Freeform’s Karey Burke, executive vice president of programming and development, tells Variety that concluding “Pretty Little Liars” after Season 7 has been the game plan for years.
“I came in knowing that this was the plan, and I’ve been here a little under two years,” Burke says. “It’s long been the feeling with the creative forces.”
Here, Burke tells Variety why “Pretty Little Liars” is ending and what’s next for the network — plus, she clears up those long-gestating “PLL” movie rumors.
What factors went into the decision to end “Pretty Little Liars” after seven seasons?
They were entirely creative. It’s rare that you have a chance to send a series out on top, which the feeling very much was that this would achieve. It ultimately comes down to [showrunner] Marlene [King] and her vision, and her sense of where the natural place for the narrative to end was, and this was that. Knowing that there was an ending point really gave her and [producers] Oliver [Goldstick] and Joe [Dougherty] and Charlie Craig creative license to build very carefully toward something. Rarely in television do you get the chance to do that. I think they did wonders with it.
What were the conversations like with the cast?
They’ve been phenomenal. They’re just great. I haven’t spoken to any of them today. I think they’re thrilled for the opportunity the show has given them and they’ve formed an amazing family. It’s bittersweet. I think they’re all excited for their next chapters.
About a year ago, Marlene and Shay Mitchell told me that a movie and an eighth season were “very possible.” Any chance for a “Pretty Little Liars” movie, or is this really the end?
Oh no, this is really the end. The community surrounding the show is very protective over it, as they should be because it’s a show that the narrative is built on mystery and secrets, so I think that everybody was being very protective of the destiny of the show. I think the reason there has been speculation is because I think the people involved love doing the show. It’s not a show that really anybody wanted to leave or wanted to end. I think the community around the show has formed a wonderful family who would want to continue to work together, as long as it made sense for the story. As much as there’s a lot of wishful thinking and speculation surrounding anything like this, this has been the understood and agreed-upon natural finishing point.
Could there ever be a revival? Perhaps another season of “Pretty Little Liars” with a totally different cast?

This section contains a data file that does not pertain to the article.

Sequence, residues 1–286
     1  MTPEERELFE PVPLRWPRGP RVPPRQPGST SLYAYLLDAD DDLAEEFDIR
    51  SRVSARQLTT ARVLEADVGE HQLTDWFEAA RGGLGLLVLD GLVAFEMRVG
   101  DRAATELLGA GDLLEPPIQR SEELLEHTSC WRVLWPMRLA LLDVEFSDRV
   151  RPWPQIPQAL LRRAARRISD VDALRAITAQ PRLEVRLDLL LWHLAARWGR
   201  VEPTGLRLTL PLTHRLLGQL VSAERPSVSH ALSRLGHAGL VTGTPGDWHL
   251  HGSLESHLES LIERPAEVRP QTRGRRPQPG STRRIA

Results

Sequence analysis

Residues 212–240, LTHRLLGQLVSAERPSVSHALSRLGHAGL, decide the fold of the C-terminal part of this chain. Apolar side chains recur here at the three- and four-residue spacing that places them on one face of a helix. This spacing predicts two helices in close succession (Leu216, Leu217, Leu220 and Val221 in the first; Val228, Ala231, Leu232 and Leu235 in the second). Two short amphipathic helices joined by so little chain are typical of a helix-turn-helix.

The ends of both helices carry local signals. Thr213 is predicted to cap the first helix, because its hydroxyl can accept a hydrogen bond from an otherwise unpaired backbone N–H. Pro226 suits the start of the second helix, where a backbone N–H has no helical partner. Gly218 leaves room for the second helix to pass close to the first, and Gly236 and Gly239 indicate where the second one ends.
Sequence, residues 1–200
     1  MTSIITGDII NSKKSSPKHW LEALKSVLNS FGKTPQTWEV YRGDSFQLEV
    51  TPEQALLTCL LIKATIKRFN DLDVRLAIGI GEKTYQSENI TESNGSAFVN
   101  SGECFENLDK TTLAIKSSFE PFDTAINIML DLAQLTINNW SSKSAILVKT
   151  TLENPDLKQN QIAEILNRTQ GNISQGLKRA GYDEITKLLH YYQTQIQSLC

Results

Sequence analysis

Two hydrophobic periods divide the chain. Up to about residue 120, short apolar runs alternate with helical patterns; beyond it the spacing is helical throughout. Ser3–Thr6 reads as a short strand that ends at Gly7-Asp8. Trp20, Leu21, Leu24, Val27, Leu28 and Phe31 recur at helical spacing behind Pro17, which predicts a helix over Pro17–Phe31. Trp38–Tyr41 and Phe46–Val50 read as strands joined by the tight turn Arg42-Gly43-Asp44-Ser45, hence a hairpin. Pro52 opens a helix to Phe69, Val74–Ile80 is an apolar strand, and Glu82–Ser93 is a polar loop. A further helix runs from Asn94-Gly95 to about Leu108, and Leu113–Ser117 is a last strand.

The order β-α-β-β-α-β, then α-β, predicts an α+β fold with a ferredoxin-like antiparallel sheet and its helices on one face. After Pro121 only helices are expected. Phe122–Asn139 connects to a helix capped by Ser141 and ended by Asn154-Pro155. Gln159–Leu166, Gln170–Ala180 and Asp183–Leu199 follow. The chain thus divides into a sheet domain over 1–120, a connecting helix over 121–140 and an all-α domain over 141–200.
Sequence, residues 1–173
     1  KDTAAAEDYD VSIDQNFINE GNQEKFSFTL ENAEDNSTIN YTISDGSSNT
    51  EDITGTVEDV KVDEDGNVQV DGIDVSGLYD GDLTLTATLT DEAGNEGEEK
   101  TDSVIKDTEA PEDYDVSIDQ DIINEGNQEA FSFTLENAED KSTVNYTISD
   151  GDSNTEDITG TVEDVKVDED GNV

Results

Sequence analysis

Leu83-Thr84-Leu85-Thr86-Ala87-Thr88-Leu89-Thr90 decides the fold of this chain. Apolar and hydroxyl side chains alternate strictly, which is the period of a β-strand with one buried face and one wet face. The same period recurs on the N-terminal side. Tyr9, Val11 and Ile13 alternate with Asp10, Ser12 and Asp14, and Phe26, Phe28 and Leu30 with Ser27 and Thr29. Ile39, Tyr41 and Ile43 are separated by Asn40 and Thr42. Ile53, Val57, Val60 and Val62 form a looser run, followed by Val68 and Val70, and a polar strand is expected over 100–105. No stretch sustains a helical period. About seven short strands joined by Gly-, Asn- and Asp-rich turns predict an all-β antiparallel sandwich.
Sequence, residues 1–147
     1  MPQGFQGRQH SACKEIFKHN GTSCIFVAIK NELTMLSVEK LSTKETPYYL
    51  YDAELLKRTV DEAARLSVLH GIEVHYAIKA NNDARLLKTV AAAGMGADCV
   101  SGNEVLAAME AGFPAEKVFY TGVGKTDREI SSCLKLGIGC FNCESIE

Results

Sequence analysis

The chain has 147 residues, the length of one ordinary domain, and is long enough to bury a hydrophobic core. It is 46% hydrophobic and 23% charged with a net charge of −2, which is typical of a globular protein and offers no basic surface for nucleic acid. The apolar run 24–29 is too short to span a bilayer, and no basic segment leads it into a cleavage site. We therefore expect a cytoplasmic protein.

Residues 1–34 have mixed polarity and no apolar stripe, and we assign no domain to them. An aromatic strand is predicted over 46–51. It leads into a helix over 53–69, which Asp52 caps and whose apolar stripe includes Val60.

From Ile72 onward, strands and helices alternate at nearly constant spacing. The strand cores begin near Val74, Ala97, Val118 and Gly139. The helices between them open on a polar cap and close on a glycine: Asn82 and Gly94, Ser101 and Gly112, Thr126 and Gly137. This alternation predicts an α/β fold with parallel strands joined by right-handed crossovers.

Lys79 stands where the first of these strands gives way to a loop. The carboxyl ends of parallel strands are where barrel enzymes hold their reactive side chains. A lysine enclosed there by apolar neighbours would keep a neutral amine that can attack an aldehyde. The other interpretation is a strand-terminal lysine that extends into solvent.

Right now, Marlene is completely focused on “Famous In Love,” as are we. One hundred percent of her and our efforts are going into launching that. As “PLL” waves goodbye, “Famous In Love” says hello. It is its own wonderful and different entity from “Pretty Little Liars.” While it’s vintage Marlene King and her voice, it’s a very different tone and I think we’ll completely satisfy “PLL” fans and yet give everybody the chance to exhale a little bit. What the future holds [for “Pretty Little Liars”], we don’t know yet, but it’s not our focus right now.
How will the series finale in spring wrap up the story for the fans?
I think they will be glad that they stayed on the ride. It’s mind-blowing, it’s provocative, it’s everything the audience has come to expect from the show. It’s unexpected, and completely and totally satisfying.
I know that somebody dies in tomorrow night’s Season 7A finale. How do you compare the midseason finale to other big “PLL” moments?
It’s a biggie!
Is there a chance that one of the main five Liars could be killed off?
I cannot comment on that! In Rosewood, anything can happen.
“Pretty Little Liars” really helped define the network. You have a ton of new projects in development. With “PLL” going off the air, what are you excited about next?
It’s been such an important part of our history and really put us on the map as a scripted network. It’s dominated social media. When we re-branded, we decidedly and purposely re-branded with “PLL” and launched Freeform in January on the night of that season premiere. As we move into the next phase of Freeform, we are likewise doing that with what we feel will be a very good show with us and using “PLL” to launch “Famous In Love.” That’s a strategy that we’ve been working on for a long time — making sure that as one chapter ends, another begins. When we launched Freeform in January, we also launched “Shadowhunters” after “Pretty Little Liars,” which quickly became our biggest premiere in history and is the biggest show behind “PLL.” I think [“Famous In Love”] will shift into being our most-watched drama — hopefully very quickly and easily. “Beyond” is coming in January and that is much anticipated and something we’ve been working on for a long time. It’s a nice mix for us of the family drama genre, which we’ve done so well in, and the wondrous supernatural saga feeling that we’re having success with in “Shadowhunters.”
You also have “The Bachelor” spinoff coming up. Will you be focusing more on reality TV?
In a month’s time, we have “Ben and Lauren: Happily Ever After,” followed by “The Letter,” both of which are very, very big unscripted shows. We’ve put our toe in the water in this space before, and we feel that these two shows are big brand-defining shows for us in the unscripted space, just as “PLL” was in the scripted space. There are a lot of big things that we’re very excited about. We are certainly going to miss our “PLL” family, but we think we have a pretty strong bench.